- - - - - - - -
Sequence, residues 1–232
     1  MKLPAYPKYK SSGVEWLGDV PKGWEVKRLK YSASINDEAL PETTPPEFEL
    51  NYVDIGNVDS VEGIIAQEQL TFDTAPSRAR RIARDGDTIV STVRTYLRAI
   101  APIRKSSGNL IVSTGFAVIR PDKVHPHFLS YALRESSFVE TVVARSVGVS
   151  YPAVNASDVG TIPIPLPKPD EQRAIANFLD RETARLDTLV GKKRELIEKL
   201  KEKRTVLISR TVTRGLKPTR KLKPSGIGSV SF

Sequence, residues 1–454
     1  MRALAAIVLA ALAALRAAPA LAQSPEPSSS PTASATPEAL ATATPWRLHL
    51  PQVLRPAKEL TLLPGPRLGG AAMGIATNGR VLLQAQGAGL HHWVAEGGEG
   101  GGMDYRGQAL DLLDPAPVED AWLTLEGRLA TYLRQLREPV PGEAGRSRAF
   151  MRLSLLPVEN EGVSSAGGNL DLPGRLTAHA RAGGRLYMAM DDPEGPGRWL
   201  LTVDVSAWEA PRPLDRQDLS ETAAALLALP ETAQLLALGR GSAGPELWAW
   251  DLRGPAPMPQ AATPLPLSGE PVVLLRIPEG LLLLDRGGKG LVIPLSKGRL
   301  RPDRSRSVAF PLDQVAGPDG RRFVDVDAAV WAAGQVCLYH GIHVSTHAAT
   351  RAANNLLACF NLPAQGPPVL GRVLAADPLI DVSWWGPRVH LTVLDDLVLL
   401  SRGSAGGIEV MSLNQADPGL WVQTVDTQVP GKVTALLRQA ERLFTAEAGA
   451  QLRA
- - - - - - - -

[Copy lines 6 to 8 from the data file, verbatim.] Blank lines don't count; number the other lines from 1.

   201  KEKRTVLISR TVTRGLKPTR KLKPSGIGSV SF

Sequence, residues 1–454
     1  MRALAAIVLA ALAALRAAPA LAQSPEPSSS PTASATPEAL ATATPWRLHL